From L3: Jason Luo, Chairman and CEO, Ford China, Bill Ford, Ying Jianren, Chairman of the board, Tech-New Group, Jim Hackett, Peter Fleet, Jin Zheyong, Chiarman of the board, Zotye Auto
If China’s auto industry is a poker game, then Ford is going all in.
It was a busy week in early December for the U.S. automaker, to say the least, as Executive Chairman Bill Ford and CEO Jim Hackett traveled to China to announce a slew of plans and deals.
First came the new expansion strategy on December 5 (see Go broader and leaner: Ford’s “China 2025 Plan” to focus on SUV and electric push, connectivity, distribution and ownership experience). Then came three separate agreements with Zotye (see Zotye-Ford JV to go into production in September 2019), Alibaba (see Ford Alibaba tie-up looks to explore new ways to sell and own a vehicle) and Chang’an (see Chang’an and Ford deepen partnership, to localize production of Lincoln) two days later.
It was Hackett’s first trip to China since being appointed CEO just over six months ago, while Ford also talked about the future of the auto industry at the Fortune Global Forum on December 6 and met with Alibaba Founder and Chairman Jack Ma prior to signing the deal with the e-commerce giant.
The week-long trip that took Ford and Hackett to Shanghai, Guangzhou, Hangzhou and Beijing was unpreceded for the U.S. automaker ever since it entered the Chinese market more than 20 years ago, and reflects Ford’s determination to become more local and efforts to rejuvenate the Blue Oval which has had a lackluster two years since the end of its “1515” strategy that brought 15 new vehicles to China between 2011 and 2015.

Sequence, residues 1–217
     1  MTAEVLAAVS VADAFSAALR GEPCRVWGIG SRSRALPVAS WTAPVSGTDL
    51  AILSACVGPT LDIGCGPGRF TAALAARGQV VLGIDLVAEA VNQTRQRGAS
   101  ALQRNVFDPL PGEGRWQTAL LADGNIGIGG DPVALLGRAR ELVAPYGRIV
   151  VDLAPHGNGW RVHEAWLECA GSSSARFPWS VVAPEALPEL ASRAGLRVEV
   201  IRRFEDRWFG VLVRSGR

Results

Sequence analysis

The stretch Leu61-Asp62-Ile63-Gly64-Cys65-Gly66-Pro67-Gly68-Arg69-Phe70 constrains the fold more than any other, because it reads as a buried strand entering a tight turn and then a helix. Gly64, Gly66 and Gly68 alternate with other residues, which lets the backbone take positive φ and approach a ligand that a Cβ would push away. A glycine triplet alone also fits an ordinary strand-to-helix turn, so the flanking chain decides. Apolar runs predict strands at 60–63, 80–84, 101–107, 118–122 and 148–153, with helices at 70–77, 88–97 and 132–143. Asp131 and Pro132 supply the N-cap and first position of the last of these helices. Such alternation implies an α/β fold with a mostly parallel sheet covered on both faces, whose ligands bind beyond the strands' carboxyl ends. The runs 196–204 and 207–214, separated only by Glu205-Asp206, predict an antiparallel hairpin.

And it will be much more than the 50 new vehicles it is introducing in China by 2025, including a slew of locally-produced SUVs and electrified vehicles from Ford and Lincoln brands and the upcoming Zotye-Ford JV.
Ford’s total sales in China through to October were off by 5 percent while sales at its key JV Chang’an-Ford are 14 percent off. The only highlight has been the Lincoln luxury marque, which has seen sales jump by 85 percent through to October and delivered its 100,000th vehicle since officially entering the market three years ago.
Ford as a mass brand frankly has lacked behind rivals in terms of timely introduction of new or refreshed models that appeal to the latest Chinese consumer demand and has been impacted by the so-called “dumbell” effect where Chinese brands and luxury brands on the two extreme ends of the market are squeezing shares away from multinational mass brands that sit in the middle. Launching more locally-produced vehicles at a quicker pace is obviously one solution to address that problem, but the fact that Ford is streamlining its distribution services into one organization, launching its own quick service brand to diversify aftersales service and teaming up with Alibaba is a response to the rapidly changing consumer habits in China in buying, using, owning and servicing a vehicle. One only has to look at the success that SAIC Motor’s Roewe and MG brands have had since teaming up with Alibaba to understand how crucial Chinese tech giants like Tencent and Baidu are becoming for both Chinese and multinational automakers.
When in China, do what the Chinese do. Ford has realized that to be successful in China, it has to be more Chinese. The events in that week simply represent the start of that new journey.